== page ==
Vet Watch, May 17

AUSTRALIAS MOST DANGEROUS ANIMALS

We tend to worry about the risks of horrifying events like shark attack in Australia, at least on the coastal fringes. However, the difference between actual risks and perceived risks is often pretty stark. This also goes for the risks our pets face in our coastal environment.

Here’s a rough breakdown of human deaths in Australia due to encounters with various animals over the last decade:

Horse/Pony = 77 deaths (falling off or getting stomped)

Cow/bull =  33 (getting stomped, gored or crashing into)

Dog = 27 (mainly bites and mainly under 4 year olds or the elderly, although 3 were dog-caused car accidents and 9 people just fell over a dog)

Kangaroo = 18 deaths (mainly car accidents)

Bee = 16

Shark = 16

Snake = 14

Crocodile = 9

Emu = 5 (cars again)

Other = 39 (including  jellyfish, cats, pigs, spiders, ticks, camels. One person died by tripping over a cat.)

So the figures are a bit different than you might expect! As for what critters pose the most threat to our pets locally, here’s a short list:

Paralysis tick, especially in spring. We see several cases a day when things are hectic, and Lennox Head sees only a fraction of the cases that would be seen in areas like Billinudgel and Mullum. Tick paralysis has about a 10% mortality even if treated aggressively and early by your vet.

Snakes – primarily brown snake and black snake bites. Mostly in warm weather, but not exclusively. Dogs are slightly more frequently affected, especially the usual suspects such as Jack Russels and working dogs, since they can’t resist the lure of a tasty snake. Most clinics keep anti-venom, and treatment is intensive and expensive, and not always successful.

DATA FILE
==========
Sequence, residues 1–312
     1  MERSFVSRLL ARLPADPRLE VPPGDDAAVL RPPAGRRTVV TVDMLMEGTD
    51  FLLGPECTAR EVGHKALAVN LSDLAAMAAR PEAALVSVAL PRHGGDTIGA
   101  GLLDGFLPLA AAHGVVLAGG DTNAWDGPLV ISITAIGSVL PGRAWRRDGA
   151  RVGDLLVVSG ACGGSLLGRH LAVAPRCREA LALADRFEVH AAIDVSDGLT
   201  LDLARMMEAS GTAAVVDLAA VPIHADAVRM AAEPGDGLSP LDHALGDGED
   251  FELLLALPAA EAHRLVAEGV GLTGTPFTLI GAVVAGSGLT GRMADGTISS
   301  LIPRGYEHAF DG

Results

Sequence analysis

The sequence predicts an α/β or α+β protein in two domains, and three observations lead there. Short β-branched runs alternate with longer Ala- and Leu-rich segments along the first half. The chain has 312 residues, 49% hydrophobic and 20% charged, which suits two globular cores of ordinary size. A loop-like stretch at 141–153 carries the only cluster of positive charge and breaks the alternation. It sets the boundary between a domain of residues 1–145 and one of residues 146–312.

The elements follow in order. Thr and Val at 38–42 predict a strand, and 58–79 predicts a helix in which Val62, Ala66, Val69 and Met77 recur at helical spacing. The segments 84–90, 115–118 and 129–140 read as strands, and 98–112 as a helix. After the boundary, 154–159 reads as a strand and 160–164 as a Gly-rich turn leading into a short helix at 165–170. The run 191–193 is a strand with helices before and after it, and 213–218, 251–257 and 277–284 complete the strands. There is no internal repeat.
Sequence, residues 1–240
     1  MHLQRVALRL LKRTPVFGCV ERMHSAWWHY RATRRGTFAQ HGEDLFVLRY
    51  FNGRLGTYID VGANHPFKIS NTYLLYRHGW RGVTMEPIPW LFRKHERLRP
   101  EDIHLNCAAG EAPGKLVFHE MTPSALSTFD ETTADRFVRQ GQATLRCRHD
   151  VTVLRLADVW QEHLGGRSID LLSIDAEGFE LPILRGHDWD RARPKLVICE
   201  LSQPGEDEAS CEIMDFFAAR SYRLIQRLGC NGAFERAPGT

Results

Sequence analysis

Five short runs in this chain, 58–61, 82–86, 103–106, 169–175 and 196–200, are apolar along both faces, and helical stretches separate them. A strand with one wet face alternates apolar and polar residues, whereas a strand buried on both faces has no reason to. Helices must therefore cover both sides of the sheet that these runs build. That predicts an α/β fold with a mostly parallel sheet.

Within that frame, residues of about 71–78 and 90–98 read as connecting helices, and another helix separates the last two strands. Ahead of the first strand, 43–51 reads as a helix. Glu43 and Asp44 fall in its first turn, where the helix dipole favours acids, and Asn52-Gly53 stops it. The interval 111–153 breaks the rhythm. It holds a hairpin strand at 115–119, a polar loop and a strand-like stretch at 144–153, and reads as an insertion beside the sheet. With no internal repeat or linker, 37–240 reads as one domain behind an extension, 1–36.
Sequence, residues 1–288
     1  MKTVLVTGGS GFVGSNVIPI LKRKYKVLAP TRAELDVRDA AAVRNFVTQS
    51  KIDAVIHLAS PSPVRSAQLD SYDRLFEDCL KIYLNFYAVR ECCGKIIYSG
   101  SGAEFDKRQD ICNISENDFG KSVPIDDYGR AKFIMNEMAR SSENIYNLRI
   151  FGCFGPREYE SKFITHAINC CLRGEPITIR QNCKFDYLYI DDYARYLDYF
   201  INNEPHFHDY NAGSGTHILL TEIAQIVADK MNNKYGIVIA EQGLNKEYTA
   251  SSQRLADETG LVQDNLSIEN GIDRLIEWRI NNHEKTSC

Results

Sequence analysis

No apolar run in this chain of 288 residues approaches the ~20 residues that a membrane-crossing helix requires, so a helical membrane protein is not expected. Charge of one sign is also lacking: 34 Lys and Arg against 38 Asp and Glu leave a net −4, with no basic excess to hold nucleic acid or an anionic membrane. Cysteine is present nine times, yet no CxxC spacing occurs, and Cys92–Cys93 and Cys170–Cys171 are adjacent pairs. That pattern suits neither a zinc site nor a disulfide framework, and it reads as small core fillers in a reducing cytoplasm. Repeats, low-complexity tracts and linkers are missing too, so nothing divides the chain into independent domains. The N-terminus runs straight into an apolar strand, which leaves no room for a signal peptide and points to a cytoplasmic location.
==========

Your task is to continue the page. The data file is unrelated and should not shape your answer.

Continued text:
Cane Toads – a source of common life-threatening intoxication in dogs (cats are less keen on chewing toads). Some of these cases die. There is no specific antidote and treatment is symptomatic.

Other dogs and cats – we regularly see severe wounds caused by fighting and/or roaming pets. Some of these wounds are horrific (and very traumatic to the owners as well as the pets) and not uncommonly fatal. The number of roaming dogs in Lennox is particularly frustrating, and people often don’t seem to realise what harm they can cause, or run into.

Preventable Viral or Parasitic Disease  I’m talking here of Parvo Virus and Heartworm disease in dogs, and Feline Aids, Flu and occasionally heartworm in cats.

I mention all these because sometimes people get a little complacent about things over the autumn and winter months, only to get caught out at the end of winter by something like tick-paralysis. Make sure you keep all your routine preventive care and vaccines up to date, and understand when you should be more vigilant regarding your pets potential misadventures.

Cheers for now, Evan Kosack BVSc

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